When my husband and I married, we both worked and we spent lots of money on food. We went to the grocery store and spent $100 easily each trip and we still went to restaurants several nights a week. We threw away produce like crazy because we didn't eat it, and our donations to the food bank were pretty amazing. When we decided to go to one salary, I was charged with finding ways to cut the budget so I went to coupons to save money. I wasted tons of money. I didn't know how to use them effectively, and I bought random "stuff" in the name of "a good deal."
I eventually became a "couponer"--sort of like one of those people you see on TV--but before that I learned how to take on the grocery store and leave with money in my pocket, and that is the conversation I would like to start today. How do we save money on food without clipping coupons?
Time for a little introspection
Ask yourself a few questions:
1. Do you throw away large amounts of produce, meat, or dairy each week because you aren't able to consume what you have?
2. Do you have expired food in your pantry that you never got around to eating?
3. Do you dread seeing how much the "damage" is when you get to the cash register at the store?
Getting ready--do a little math
How much do you actually spend on food? Write down your best estimate. According to many financial experts, the food budget (including grocery shopping and restaurants) should be 5-15% of your total income. Take a minute to calculate how much of your income that would be. How do those numbers compare to what you actually spend? You may want to set a goal of lowering your grocery receipts to put you into the correct percentage range, and if you already spend in that range you may want to try to go even lower still.
How low can you go?
Lowering your food bills is like doing the Limbo. We don't start out two inches from the floor and expect success. Start where you are, then gradually lower your budget until you are spending what you want while still comfortably feeding your family.
Time to shop! Well, in a minute.
Now that we have a goal, it's time to plan to save. Here's what I suggest:
1. Pick a store, and shop there. Choose "your" grocery store based on where you believe you get the best deals overall, how practical it is to shop there, how much you like the staff there, etc. At one time I store "hopped" to get all of the good deals, and I tired of that pretty quickly. My bills are actually much lower now that I only shop at one store, Publix. Only shopping at this one store (one location, too) has allowed me to develop a friendly relationship with the staff as well, which means they are more likely to help me if I need assistance.
2. It's been said a hundred times already, but do not go into that store without a list. Also, estimate how much what is on the list will cost you. Would we buy a house without knowing how much it was going to cost until closing? A car? A car should only cost 10-15% of our income, roughly the same amount as food. If the cash register total is a constant surprise, that's like going to a car dealership, picking out the car we think we want, then going to the front desk and saying, "I'll take it! How much do you want for it?" If it's your first time estimating on your shopping list, estimate high so that the only surprise will be a pleasant one. As you continue to do this your estimates will be more specific and the process will be easier.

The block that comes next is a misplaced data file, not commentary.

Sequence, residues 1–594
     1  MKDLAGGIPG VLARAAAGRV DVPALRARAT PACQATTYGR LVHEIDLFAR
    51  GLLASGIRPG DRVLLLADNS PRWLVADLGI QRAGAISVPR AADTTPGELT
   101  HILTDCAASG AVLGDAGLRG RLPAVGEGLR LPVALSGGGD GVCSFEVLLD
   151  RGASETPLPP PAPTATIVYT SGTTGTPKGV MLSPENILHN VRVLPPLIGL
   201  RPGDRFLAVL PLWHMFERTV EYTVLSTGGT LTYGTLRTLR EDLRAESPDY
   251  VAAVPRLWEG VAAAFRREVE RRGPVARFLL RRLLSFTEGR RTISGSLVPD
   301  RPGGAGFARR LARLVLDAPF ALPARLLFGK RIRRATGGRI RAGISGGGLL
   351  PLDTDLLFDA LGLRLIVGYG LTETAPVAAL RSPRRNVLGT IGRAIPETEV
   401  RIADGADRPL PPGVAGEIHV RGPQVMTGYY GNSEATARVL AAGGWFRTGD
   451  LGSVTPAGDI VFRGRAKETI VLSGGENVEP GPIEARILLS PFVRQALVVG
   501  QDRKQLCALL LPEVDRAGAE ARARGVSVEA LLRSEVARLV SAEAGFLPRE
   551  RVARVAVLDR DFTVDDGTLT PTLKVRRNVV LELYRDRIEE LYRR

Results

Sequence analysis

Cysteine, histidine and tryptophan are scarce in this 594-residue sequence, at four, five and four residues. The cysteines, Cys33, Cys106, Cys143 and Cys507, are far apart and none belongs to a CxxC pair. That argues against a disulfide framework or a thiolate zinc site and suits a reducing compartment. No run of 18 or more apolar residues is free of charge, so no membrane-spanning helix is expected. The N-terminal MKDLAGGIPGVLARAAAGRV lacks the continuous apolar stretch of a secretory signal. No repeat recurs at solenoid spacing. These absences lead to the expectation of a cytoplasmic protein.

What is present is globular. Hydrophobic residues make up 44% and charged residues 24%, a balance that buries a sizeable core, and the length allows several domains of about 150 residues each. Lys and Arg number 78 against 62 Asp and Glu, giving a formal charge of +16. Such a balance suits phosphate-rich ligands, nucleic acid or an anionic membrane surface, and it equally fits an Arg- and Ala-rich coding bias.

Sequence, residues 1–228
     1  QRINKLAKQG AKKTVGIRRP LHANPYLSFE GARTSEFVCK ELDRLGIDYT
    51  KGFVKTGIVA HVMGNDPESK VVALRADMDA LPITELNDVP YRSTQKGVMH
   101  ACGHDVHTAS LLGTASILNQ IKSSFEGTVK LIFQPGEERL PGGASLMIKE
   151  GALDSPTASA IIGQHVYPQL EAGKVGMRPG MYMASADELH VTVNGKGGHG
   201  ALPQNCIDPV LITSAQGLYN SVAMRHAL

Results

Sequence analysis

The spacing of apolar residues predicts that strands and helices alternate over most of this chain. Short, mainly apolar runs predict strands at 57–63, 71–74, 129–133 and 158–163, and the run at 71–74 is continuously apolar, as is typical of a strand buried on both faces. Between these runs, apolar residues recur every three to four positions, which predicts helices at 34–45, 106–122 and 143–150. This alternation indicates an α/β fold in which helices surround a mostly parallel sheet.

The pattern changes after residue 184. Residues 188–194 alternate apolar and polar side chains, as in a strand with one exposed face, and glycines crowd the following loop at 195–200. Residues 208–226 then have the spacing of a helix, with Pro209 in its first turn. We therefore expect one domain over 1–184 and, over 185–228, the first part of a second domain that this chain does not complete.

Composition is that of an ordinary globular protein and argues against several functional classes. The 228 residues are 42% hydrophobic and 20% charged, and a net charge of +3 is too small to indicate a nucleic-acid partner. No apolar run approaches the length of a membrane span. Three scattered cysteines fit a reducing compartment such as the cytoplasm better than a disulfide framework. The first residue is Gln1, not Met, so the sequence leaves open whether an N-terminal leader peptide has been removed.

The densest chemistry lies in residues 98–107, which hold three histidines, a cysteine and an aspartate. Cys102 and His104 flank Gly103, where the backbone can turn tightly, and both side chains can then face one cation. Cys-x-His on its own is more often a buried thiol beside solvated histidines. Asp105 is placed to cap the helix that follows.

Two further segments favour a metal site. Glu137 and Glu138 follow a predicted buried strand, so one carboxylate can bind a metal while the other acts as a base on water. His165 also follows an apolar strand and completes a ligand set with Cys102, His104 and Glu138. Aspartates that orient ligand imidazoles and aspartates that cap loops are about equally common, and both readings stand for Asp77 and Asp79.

2b. I won't go into much detail, but treat your list with care. It's good to have a plan for everything you will buy, and be realistic about what you plan to purchase. Will your family actually eat it? Do you know how to cook it? Do you have time this week to actually cook it and eat it? Can it be frozen if necessary? Is your freezer big enough to hold it? (There is an awesome deal on frozen pizza this week at Publix, but I'm going to restrain myself because my freezer is just too small to hold them.)
3. Take the following to the store: Your list, a writing utensil (I've used a crayon before because it was the only thing in my purse!), a calculator, and your method of payment. As you shop, cross off the list what you buy, make note of any prices you may have mis-estimated, and keep a running total of how much you are spending. Be aware of how much money you have with you if you are paying in cash. Only buy what is on your list. (I do make an exception for milk, bread, and eggs. I am always forgetting to put them on the list, and they are necessary.) If you see something you would like to try, put it on the list for the next trip and include the price. Now you have something to look forward to! ;)
4. Wanna go hard core? Only take the amount you plan to spend in cash, and take no other forms of payment. It takes attention and calculation on your part, but those chocolate bars are nowhere near as tempting when you think you may be short at the cash register if you buy them. When I do this, I actually end up taking things off my list that I don't really need just so that I can stay under budget. It's a challenge, but it's kind of fun, too.
Afraid of getting strange looks from other customers? According to Thomas J. Stanley in his book The Millionaire Next Door, the majority of millionaires in this country are self-made, first generation millionaires who got that way by living well below their means. Seizing control of grocery bills is propelling your family toward unprecedented wealth. The next time someone gives you a funny look at the grocery store because you are actually paying attention to what you're buying, look at that person's overflowing cart of "stuff," smile sympathetically, and think to yourself, "You poor thing. You probably paid WAY too much for your car, too."
Next week let's stay in the grocery store. We'll play Deal or No Deal and tackle a few money-saving myths. Until then, let's hear your tips for how you have lowered your grocery bills!